Tiny File Manager Path Traversal Recursive Directory Listing and Absolute Path File Backup Copy
CVEID: CVE-2020-12102, CVE-2020-12103
CVSSv3: 7.7 (High), 7.7 (High)
Affected Products and Versions: Tiny File Manager – 2.4.1
Two security issues were found in Tiny File Manager (2.4.1).
Both vulnerabilities are exploitable only while authenticated as a non-readonly user, or while authentication is disabled.
The first one (CVE-2020-12102) is a Path Traversal Recursive Directory Listing that allows to enumerate files and directories outside the scope of the application via a Path Traversal attack.
The second one (CVE-2020-12103) is an Absolute Path File Backup Copy that allows to create backup copies of files outside the scope in the same directory in which they are stored.
Both vulnerabilities are exploitable by sending a specially crafted HTTP POST request.
Proof of Concept
As a Proof of Concept there follows a write-up in which we’re going to combine both vulnerabilities to enumerate PHP files in the webserver and view their source code in clear.
After installing Tiny File Manager locally (by cloning the repository inside /var/www/html), we’re going to configure the application scope to the files subfolder by editing the $root_path variable.
Then we’re going to create dummy files inside of it as well. As you can see in the following picture this is the application scope (/var/www/html/files).
Now in order to exploit these vulnerability we need to be authenticated, so we make a POST request using default credentials and we’re going to use the session cookie assigned.
Once authenticated we’re going to exploit the first vulnerability by sending an HTTP POST request structured as follows:
POST /tinyfilemanager/tinyfilemanager.php?p= HTTP/1.1 Host: 127.0.0.1 Content-Type: application/x-www-form-urlencoded Content-Length: 27 Cookie: filemanager=apak2kmrti634ncftvj6jnj6g3 ajax=1&type=search&path=../
using a Path Traversal attack (by setting ../ as path parameter) to enumerate files and directories outside the application scope. As you can see in the following picture the attack worked: the server responded with a JSON that recursively lists all the files inside the directory one level outside the application scope, listing the content of /var/www/html including the Tiny File Manager PHP source file (tinyfilemanager.php).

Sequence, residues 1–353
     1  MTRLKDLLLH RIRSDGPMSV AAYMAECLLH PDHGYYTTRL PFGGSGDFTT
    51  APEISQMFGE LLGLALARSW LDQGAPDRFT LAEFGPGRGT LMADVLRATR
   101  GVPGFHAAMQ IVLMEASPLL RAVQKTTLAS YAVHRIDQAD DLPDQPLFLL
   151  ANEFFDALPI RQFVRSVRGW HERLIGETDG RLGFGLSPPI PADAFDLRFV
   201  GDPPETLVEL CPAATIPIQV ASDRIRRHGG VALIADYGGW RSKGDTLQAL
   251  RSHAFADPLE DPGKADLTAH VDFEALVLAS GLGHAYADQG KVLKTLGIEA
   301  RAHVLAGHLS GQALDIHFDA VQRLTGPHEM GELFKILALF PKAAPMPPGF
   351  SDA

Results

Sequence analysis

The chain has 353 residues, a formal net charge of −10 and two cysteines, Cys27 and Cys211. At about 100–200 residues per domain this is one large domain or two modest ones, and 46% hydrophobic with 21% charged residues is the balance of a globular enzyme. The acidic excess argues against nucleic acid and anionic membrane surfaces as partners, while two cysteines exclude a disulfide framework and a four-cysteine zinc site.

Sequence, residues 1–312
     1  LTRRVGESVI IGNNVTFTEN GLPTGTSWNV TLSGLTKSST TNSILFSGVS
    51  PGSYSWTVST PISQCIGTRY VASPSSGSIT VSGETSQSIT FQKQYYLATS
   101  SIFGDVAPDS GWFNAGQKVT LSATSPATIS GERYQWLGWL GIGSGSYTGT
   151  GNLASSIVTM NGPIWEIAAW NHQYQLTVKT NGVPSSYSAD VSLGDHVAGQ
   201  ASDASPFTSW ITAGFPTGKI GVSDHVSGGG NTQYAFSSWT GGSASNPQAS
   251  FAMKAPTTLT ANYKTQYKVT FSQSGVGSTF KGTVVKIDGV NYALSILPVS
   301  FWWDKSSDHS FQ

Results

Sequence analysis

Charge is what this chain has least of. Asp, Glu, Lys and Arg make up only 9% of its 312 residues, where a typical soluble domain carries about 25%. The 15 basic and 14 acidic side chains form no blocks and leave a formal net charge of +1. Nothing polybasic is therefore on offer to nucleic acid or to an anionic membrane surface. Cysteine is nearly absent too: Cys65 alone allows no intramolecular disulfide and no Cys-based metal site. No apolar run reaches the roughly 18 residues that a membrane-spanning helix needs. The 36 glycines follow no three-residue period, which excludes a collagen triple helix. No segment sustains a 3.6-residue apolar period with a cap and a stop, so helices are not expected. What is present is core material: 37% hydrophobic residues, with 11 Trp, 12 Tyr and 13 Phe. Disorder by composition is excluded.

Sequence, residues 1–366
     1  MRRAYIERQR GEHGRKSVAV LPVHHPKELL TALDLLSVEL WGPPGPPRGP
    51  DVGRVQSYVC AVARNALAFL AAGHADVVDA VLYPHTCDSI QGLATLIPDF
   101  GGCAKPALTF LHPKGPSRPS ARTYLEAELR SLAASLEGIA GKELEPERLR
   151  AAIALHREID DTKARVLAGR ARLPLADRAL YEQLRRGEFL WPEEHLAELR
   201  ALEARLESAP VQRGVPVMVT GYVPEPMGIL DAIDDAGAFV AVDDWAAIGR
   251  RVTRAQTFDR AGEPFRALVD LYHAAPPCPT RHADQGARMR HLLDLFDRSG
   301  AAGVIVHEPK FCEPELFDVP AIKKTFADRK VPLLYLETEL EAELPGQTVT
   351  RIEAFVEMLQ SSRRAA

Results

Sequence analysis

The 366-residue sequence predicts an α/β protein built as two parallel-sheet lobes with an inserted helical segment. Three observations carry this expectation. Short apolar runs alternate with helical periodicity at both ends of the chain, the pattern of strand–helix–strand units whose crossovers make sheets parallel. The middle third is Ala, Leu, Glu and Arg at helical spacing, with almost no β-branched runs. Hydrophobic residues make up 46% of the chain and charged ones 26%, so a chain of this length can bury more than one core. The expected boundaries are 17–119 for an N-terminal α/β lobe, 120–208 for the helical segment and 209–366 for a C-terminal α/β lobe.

Then in order to read its source code in clear we’re going to create a backup copy of it by sending another HTTP POST request structured as follows:
POST /tinyfilemanager/tinyfilemanager.php?p= HTTP/1.1 Host: 127.0.0.1 Content-Type: application/x-www-form-urlencoded Content-Length: 78 Cookie: filemanager=apak2kmrti634ncftvj6jnj6g3 ajax=1&type=backup&path=/var/www/html/tinyfilemanager&file=tinyfilemanager.php
using absolute path on parameter path to bypass the application scope. As you can see in the following picture, a backup file was created as response of this request.
This file is an identical copy of the file we chose, but with a .bak extension, which allows us to read its content in plaintext without PHP interpreting it.
In fact, as you can see in the following picture, the content of the created .bak file is the source code of Tiny File Manager application in plaintext.
So, we’ve showed how to retrieve this application’s source code by exploiting these vulnerabilities, but now we’re going to show how to retrieve other PHP files’ source code in the webserver.
This time our target is test90234482.php. By accessing to it with a simple GET request, all we see is just this message.
But by creating a backup copy and accessing to it via a HTTP GET request we can see its hidden content, normally invisible to client-side users.
In conclusion, these two vulnerabilities if used in combination can lead to multiple issues, for instance Complete Information Disclosure by enumerating and reading potentially every PHP file in the webserver, just like we did in this write-up.
Remediation: Update to Tiny File Manager version 2.4.2
27/03/2020 – Initial vendor contact
27/03/2020 – Vendor acknowledged the vulnerability
23/04/2020 – Vendor agreed to further discuss the problem and to coordinate the disclosure
14/05/2020 – Vendor publicly confirmed the issue
18/05/2020 – Vendor released a fixed version (2.4.2)
Discoverer: Michele Di Bonaventura <firstname.lastname@example.org>